Gun Control in America Essay

Published: 2020-04-22 08:25:15
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Had Americans in 1787 been told that the federal government could ban¦ firearms¦ it is hard to imagine that the Constitution would have been ratified, these words were used by the National Rifle Association in a court brief where it challenged the most restrictive gun control laws in the country at the time, those is Washington, D. C. (Schwartz, 2008, Individual freedoms section para. 4). Cities, such as Chicago, New York, and the District of Columbia, have held fast to the collective right interpretation of the Second Amendment and enacted laws which support the collective right view (p. ).

While others such as the National Rifle Association (NFA) believe that the individual right to bear arms is stated in the Second Amendment (The Right to Bear Arms, 2008). Gun Control in America: Past, Present, & Future Does the Second Amendment right to keep and bear arms apply to you as an American citizen, so that you can protect your family? If you think so, you might be wrong. According to the article Gun Control in World of Sociology (2001), the answer depends on the interpretation of the Second Amendment of the Constitution of the United States of America.

Throughout the history of America, the twenty-seven words of the Second Amendment have drawn great passion from citizens who support and those who oppose gun control (Schwartz, 2008). Those twenty-seven words which draw such passion are, A well regulated Militia, being necessary to the security of a free State, the right of the people to keep and bear Arms, shall not be infringed (The Constitution). Groups or individuals who are proponents of gun control contend that the Second Amendment does not apply to you or me, only to the state in which we live (Gun Control, 2001).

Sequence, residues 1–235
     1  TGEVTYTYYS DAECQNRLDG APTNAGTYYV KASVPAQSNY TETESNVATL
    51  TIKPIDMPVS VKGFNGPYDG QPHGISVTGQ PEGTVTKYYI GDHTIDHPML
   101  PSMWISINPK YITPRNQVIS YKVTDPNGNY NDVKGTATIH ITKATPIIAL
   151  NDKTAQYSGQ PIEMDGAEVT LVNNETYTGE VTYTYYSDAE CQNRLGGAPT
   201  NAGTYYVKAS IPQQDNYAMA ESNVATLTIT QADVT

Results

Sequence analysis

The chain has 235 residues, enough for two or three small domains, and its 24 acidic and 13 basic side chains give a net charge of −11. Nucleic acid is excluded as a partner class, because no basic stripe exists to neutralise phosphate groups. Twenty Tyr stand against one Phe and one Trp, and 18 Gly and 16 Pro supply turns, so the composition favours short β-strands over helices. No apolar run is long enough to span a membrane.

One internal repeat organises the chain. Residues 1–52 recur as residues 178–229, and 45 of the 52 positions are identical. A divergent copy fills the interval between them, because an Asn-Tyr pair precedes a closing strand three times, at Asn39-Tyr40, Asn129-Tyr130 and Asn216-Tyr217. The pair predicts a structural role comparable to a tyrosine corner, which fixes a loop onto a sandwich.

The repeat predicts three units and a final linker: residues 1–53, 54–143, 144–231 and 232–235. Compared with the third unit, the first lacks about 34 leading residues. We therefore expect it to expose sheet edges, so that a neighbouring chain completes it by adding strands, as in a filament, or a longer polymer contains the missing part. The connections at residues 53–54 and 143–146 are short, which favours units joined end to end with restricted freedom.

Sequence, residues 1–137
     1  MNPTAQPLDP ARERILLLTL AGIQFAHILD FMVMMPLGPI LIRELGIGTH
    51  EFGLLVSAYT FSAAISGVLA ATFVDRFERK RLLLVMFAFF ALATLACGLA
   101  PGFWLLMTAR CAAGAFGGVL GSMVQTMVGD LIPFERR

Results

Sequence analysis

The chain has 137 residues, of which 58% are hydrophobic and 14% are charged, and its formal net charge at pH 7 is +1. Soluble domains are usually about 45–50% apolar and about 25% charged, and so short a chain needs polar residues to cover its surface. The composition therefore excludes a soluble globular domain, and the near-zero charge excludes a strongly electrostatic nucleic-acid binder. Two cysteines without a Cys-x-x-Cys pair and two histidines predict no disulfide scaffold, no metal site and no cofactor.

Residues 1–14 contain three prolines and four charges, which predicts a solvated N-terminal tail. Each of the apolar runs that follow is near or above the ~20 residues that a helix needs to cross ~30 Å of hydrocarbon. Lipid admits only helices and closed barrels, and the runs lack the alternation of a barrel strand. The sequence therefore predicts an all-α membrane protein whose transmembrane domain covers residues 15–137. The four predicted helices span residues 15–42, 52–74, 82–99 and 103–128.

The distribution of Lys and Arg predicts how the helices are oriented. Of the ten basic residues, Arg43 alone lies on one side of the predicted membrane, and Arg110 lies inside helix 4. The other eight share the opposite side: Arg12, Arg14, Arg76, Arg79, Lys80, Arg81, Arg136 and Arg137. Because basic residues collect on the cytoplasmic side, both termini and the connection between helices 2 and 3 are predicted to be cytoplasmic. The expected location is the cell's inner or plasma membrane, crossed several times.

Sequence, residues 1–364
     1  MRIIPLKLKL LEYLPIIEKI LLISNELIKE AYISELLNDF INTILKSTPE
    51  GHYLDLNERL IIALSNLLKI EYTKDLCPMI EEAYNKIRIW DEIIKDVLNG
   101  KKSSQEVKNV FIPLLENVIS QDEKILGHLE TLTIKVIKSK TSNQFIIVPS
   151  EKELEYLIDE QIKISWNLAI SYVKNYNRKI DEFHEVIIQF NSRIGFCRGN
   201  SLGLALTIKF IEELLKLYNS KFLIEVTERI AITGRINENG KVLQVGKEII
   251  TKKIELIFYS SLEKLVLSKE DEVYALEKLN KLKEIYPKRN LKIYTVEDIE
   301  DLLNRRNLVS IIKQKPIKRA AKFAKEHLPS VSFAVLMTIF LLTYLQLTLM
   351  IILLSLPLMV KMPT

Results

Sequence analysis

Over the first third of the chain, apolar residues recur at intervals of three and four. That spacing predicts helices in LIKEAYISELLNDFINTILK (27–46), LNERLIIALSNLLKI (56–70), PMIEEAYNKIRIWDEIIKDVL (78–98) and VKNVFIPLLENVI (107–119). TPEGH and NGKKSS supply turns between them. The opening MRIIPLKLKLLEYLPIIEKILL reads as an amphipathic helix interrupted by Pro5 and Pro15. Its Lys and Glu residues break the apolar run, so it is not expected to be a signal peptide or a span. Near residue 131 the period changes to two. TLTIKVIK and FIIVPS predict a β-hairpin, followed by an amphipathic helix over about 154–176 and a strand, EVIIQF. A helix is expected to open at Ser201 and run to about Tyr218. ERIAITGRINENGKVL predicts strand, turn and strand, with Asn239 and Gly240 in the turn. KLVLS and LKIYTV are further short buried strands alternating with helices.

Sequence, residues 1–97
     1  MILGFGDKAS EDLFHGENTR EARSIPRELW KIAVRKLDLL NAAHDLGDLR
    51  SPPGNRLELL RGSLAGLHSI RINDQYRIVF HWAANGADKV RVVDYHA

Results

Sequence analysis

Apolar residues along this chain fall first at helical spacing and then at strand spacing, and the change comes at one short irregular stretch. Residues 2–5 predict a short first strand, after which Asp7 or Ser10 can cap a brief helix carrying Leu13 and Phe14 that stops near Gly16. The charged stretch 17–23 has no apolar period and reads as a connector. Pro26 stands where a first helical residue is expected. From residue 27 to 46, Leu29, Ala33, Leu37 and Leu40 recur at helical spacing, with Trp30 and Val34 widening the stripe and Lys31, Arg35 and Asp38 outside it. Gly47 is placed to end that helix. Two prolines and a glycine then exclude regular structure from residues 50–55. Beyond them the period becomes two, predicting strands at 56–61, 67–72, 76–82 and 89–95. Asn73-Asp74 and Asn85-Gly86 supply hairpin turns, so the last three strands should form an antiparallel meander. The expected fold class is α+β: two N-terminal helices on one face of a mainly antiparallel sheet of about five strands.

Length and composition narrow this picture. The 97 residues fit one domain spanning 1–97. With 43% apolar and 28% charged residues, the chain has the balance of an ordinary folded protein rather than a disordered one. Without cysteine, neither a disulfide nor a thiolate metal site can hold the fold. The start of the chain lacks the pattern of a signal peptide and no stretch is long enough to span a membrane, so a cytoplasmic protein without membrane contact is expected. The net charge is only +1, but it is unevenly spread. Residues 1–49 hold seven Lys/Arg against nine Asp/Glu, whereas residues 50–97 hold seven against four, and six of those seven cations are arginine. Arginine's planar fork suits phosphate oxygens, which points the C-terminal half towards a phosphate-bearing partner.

In contrast, groups and individuals who interpret the Second Amendment as applying to individual rights are opposed to gun control (p. 1). No matter on which side of the argument you stand, the Second Amendment has and will continue to draw great passion and emotion from the citizens of the United States. Knowing the amount of passion and emotion that each side exhibits, it is difficult to understand why the Supreme Court has had so little to say regarding to whom it feels the amendment applies (Schwartz, 2008).

The first attempt at federal gun control came in the form of the National Firearms Act of 1934 which concerned the movement of certain firearms, such as the sawed off shot-gun and automatic weapons, across state lines and required registration of said guns with the federal government (Second Amendment, 2002). In the 1939 case brought before the Supreme Court two defendants sought a reversal of their convictions under the National Firearms Act of 1934 for transporting a shot-gun across state lines, based on their right to keep and bear arms stated in the Second Amendment (Right to Bear Arms, 1999).